10. Oh yes! Davin, if we couldn't work through them then we'd never get any writing done. But since anxiety is a part of life, and believe me I have a lot of anxiety right now, then it has to be a part of our writing life. And if it is a part of our writing life it HELPS us create. It doesn't hinder our vision. :)

  11. What's the fun of a book that comes together without so many foibles? : )

    Seriously. I mean, half the fun of writing, at least for me, is the evolutionary process of the book from beginning idea to end product. Yeah, I'm not so keen on the revision stage, endlessly searching for -ly words, and other words for that matter, to omit; but it's all part of the process.

    If books came fully formed out of our minds, like Aphrodite from Zeus' . . . well, there goes the joy of writing.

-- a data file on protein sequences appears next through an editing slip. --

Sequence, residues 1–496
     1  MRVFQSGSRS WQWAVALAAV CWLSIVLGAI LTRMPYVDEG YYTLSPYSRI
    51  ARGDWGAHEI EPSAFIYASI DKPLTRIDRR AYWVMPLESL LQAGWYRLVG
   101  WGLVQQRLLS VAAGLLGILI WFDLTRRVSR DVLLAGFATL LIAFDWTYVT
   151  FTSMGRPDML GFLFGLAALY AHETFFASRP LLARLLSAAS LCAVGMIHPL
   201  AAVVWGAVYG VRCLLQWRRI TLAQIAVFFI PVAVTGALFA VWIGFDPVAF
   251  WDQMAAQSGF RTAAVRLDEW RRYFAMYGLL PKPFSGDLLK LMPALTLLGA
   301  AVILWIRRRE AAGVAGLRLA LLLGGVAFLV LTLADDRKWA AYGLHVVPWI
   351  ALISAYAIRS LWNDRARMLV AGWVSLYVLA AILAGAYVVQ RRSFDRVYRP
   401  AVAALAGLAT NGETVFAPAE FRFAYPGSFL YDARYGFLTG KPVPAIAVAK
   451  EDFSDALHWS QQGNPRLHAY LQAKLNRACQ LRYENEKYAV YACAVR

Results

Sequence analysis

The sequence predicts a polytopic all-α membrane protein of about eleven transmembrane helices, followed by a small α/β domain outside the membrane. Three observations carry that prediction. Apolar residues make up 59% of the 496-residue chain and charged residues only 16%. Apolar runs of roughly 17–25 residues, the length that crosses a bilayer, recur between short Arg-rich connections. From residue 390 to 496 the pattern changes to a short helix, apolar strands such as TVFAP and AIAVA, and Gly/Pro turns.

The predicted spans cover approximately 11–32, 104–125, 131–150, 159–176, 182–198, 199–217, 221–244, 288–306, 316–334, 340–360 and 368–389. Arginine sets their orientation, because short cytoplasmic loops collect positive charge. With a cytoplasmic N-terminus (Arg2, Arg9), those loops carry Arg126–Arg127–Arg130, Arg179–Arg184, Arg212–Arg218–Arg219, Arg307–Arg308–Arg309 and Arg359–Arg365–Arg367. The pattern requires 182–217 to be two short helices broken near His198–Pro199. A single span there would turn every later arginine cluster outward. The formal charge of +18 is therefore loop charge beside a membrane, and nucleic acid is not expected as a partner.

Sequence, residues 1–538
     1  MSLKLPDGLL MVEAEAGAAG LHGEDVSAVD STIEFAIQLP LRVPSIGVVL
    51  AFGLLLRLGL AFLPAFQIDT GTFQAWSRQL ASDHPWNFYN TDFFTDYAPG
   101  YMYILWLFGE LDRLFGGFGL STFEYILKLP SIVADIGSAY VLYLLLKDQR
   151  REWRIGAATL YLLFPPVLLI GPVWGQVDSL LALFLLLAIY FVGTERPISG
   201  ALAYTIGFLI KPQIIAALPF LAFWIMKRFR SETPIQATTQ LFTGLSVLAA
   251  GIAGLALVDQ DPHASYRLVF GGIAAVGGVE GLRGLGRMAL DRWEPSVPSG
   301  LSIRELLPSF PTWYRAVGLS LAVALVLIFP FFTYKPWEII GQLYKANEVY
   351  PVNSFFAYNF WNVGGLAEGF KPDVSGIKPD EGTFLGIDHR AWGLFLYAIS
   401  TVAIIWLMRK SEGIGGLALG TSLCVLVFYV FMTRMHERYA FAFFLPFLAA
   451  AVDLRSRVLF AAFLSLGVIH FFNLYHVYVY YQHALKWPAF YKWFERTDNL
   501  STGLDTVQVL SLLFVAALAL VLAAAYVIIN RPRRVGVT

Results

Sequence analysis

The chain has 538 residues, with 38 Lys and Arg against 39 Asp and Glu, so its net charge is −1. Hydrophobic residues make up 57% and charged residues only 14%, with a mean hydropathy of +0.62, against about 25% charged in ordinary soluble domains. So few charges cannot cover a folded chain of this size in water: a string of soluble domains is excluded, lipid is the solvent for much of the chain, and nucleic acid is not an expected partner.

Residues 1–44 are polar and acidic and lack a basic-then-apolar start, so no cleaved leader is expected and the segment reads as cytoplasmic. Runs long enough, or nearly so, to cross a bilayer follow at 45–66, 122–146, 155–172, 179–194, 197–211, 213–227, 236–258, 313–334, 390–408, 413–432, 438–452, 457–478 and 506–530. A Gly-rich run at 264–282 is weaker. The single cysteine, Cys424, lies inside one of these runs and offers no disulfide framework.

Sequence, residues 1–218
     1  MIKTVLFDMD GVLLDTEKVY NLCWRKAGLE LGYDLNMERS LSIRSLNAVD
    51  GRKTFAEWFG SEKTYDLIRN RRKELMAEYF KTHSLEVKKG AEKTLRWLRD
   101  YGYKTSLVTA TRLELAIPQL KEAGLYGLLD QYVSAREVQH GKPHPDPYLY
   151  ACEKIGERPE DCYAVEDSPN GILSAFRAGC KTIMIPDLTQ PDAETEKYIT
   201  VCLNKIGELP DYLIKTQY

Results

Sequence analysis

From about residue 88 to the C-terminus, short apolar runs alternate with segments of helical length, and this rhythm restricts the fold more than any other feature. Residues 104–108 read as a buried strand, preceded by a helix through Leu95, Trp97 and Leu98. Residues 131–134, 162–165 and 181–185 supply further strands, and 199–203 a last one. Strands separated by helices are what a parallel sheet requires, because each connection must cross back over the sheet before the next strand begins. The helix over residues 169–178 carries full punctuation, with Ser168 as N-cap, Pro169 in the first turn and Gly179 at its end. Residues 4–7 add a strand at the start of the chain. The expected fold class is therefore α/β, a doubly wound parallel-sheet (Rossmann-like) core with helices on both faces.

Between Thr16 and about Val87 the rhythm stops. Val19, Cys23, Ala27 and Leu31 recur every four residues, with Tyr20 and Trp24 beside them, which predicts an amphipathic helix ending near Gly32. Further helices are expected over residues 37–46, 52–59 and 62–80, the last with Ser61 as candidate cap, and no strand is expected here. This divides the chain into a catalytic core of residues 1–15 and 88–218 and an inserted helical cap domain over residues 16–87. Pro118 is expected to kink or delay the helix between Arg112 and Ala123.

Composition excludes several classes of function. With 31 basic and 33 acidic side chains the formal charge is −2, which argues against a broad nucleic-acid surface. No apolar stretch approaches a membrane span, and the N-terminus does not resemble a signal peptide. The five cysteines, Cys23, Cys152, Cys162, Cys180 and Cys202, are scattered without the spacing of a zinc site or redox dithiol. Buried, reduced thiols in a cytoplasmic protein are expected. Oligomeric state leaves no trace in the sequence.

Okay, I know that's not what you mean. I just think the mishaps are part of our humanity. Yeah, maybe we won't use as many -ly words, or end a bunch of sentences with prepositions, but a few foibles here and there aren't such a bad thing.

    I also think that you, and so many of us out here in the blogsphere, might still be aspiring writers, but we're no longer beginning writers either. I guess most of us are in the high school stage of writers - way belyond elementary, just past junior high, but not yet in college. Ha.

  12. Yeah Scott, teenagers. That's what I think a lot of us are. But almost in college. :)

  13. I like the teenage analogy. I would have to agree there. I am not fully grown as a writer. Teenage fits quite well. As for anxiety, yeah, we just have to deal with it. It will be worth it though.

  14. Katie, YAY! I'm a teen. WOOHOO! And it WILL be worth it all. Someday. Sigh. :)